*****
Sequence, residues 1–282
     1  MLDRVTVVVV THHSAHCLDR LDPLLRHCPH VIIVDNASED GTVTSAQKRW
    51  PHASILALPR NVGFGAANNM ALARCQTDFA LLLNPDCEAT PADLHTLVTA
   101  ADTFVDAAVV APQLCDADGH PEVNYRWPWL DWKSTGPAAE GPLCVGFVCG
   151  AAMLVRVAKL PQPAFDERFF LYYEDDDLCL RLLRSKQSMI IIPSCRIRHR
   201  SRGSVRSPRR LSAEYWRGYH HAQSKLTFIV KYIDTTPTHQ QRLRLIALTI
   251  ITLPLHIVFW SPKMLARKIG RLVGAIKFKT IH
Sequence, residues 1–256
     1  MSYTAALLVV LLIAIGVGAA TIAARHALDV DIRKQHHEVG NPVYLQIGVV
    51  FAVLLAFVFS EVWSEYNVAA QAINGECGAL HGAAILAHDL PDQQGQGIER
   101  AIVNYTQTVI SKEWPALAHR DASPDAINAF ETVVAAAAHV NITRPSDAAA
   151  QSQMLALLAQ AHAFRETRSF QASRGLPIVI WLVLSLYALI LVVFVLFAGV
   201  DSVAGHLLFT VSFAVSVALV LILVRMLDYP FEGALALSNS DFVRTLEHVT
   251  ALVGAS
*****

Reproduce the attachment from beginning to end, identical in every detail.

Sequence, residues 1–282
     1  MLDRVTVVVV THHSAHCLDR LDPLLRHCPH VIIVDNASED GTVTSAQKRW
    51  PHASILALPR NVGFGAANNM ALARCQTDFA LLLNPDCEAT PADLHTLVTA
   101  ADTFVDAAVV APQLCDADGH PEVNYRWPWL DWKSTGPAAE GPLCVGFVCG
   151  AAMLVRVAKL PQPAFDERFF LYYEDDDLCL RLLRSKQSMI IIPSCRIRHR
   201  SRGSVRSPRR LSAEYWRGYH HAQSKLTFIV KYIDTTPTHQ QRLRLIALTI
   251  ITLPLHIVFW SPKMLARKIG RLVGAIKFKT IH
Sequence, residues 1–256
     1  MSYTAALLVV LLIAIGVGAA TIAARHALDV DIRKQHHEVG NPVYLQIGVV
    51  FAVLLAFVFS EVWSEYNVAA QAINGECGAL HGAAILAHDL PDQQGQGIER
   101  AIVNYTQTVI SKEWPALAHR DASPDAINAF ETVVAAAAHV NITRPSDAAA
   151  QSQMLALLAQ AHAFRETRSF QASRGLPIVI WLVLSLYALI LVVFVLFAGV
   201  DSVAGHLLFT VSFAVSVALV LILVRMLDYP FEGALALSNS DFVRTLEHVT
   251  ALVGAS